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Film ratings and what they mean as age ratings tightened around sex and nudity

The BBFC has published new classification guidelines reflecting shifts in public opinion towards violence, drug use, sex and use of language, following a public consultation involving 12,000 people across the UK  (PA Archive)
The BBFC has published new classification guidelines reflecting shifts in public opinion towards violence, drug use, sex and use of language, following a public consultation involving 12,000 people across the UK (PA Archive)

Updated standards now make it more probable for sex sequences that were previously permitted in films with a 12 or 12A rating to be classified 15.

As it compiled its most recent criteria, the BBFC claimed to have conducted interviews with 12,000 people around the United Kingdom in order "to explore what matters most to audiences when it comes to classification”.

The organisation stated that viewers were "concerned" about the length, degree of nudity, and sexual description of the sex scenes, which were graded 12A/12 according to its prior 2019 rules.

Now, according to BBFC, audiences desire "a more cautious approach to classifying sex scenes at the border of 12A/12 and 15”. Consequently, "content that is similar is now more likely to be rated 15”.

But the study also showed that, "particularly in comedic contexts”, viewers are "happy" for classification to be more lax when it comes to some sex references around the 15–18 age mark.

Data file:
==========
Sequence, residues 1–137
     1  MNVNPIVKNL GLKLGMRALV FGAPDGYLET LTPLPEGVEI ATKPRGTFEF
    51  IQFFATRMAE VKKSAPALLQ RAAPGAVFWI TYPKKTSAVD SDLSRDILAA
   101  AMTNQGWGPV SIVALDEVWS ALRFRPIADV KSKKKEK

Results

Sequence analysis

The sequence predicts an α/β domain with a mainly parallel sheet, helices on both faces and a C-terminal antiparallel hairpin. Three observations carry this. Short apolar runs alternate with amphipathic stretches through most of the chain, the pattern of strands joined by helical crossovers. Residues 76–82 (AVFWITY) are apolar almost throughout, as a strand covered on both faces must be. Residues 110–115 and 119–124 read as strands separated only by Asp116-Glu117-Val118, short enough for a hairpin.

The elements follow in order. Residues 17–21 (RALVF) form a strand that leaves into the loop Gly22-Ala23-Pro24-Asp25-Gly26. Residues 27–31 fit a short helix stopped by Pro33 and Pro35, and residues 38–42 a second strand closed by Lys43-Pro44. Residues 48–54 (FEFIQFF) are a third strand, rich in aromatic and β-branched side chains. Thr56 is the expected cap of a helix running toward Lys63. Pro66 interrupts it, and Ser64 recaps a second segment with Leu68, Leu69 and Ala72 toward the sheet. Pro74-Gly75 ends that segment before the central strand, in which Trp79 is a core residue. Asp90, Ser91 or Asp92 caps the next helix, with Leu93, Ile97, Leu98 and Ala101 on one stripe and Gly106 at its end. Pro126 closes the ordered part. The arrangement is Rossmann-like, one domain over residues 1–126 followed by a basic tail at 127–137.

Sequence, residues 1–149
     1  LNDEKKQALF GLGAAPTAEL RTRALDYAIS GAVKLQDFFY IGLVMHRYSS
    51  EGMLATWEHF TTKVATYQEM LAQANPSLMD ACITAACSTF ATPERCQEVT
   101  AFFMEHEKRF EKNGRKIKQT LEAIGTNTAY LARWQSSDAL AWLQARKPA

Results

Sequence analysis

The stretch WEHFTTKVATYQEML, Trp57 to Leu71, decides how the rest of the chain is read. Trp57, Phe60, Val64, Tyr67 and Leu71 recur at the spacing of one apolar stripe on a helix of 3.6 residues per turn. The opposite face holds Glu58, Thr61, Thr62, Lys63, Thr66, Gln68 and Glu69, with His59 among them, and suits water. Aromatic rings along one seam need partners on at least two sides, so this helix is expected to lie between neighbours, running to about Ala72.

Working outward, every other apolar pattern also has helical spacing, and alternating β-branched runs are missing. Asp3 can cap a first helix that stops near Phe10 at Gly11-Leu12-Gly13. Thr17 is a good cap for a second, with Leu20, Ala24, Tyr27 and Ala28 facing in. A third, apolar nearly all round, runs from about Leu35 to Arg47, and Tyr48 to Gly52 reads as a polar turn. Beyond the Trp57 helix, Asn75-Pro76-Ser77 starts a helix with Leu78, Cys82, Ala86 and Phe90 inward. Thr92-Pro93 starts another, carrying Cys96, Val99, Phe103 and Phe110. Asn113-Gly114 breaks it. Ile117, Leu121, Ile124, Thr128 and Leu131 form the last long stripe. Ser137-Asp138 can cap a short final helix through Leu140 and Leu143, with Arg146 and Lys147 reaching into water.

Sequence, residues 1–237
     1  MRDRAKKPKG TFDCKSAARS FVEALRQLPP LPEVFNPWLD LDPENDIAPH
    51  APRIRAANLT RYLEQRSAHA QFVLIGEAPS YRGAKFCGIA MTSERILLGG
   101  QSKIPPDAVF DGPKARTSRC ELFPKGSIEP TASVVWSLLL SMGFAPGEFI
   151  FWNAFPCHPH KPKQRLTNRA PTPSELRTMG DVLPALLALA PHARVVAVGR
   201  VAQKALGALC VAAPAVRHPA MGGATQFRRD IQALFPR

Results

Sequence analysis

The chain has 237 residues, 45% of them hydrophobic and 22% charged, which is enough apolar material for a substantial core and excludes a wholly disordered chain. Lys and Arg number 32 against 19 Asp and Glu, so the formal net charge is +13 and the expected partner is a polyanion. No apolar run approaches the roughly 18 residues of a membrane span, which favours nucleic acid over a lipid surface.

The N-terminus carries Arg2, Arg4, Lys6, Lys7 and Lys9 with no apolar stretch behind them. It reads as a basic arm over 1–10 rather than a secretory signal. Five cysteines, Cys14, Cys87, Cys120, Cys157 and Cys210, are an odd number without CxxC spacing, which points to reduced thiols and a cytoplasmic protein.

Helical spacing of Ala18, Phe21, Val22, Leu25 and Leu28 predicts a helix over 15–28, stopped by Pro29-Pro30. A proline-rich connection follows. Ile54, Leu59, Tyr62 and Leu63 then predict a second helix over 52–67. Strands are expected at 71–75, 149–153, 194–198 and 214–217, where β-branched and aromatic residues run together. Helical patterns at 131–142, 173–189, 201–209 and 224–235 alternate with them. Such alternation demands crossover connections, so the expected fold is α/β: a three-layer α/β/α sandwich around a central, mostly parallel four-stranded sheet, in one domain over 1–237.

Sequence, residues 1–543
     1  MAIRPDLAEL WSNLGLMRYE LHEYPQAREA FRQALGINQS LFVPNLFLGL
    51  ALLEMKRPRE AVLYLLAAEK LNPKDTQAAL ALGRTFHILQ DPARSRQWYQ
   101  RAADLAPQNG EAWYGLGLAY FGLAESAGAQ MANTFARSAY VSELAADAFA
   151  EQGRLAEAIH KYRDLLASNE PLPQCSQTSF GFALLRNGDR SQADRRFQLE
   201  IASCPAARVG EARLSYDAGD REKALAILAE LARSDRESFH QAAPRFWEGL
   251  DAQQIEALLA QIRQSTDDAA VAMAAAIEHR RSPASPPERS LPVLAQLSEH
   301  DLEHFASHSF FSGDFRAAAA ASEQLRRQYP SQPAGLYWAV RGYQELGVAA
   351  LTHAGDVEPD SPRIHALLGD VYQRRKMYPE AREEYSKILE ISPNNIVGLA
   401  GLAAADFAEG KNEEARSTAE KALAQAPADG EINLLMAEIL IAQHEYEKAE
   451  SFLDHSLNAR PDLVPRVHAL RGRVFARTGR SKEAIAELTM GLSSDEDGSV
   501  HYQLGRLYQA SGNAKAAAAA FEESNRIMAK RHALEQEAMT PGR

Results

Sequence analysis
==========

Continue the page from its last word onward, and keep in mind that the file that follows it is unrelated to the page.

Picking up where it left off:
The BBFC previously conducted similar research in 2019. For UK viewers, sexual violence continues to be the top worry, just as it did back then.However, since 2019, the portrayal of self-harm and suicide has become the second most concerning topic.The BBFC, which stated it will keep highlighting suicide and self-harm in its advice, said respondents expressed a wish to be cautioned against this kind of content.

The organisation also discovered that people's concerns over violent on-screen representations had increased.It stated that, going forward, all age categories for violence might need a higher rating.According to the findings, viewers are now more receptive than ever to portrayals of drug use, including the abuse of solvents and cannabis.As a result, the BBFC declared that it would be less stringent when it came to such content.

On the other hand, the study indicated that parents are worried about foul language becoming commonplace, particularly those with sexist or sexual overtones. A higher age rating might now be necessary for such language.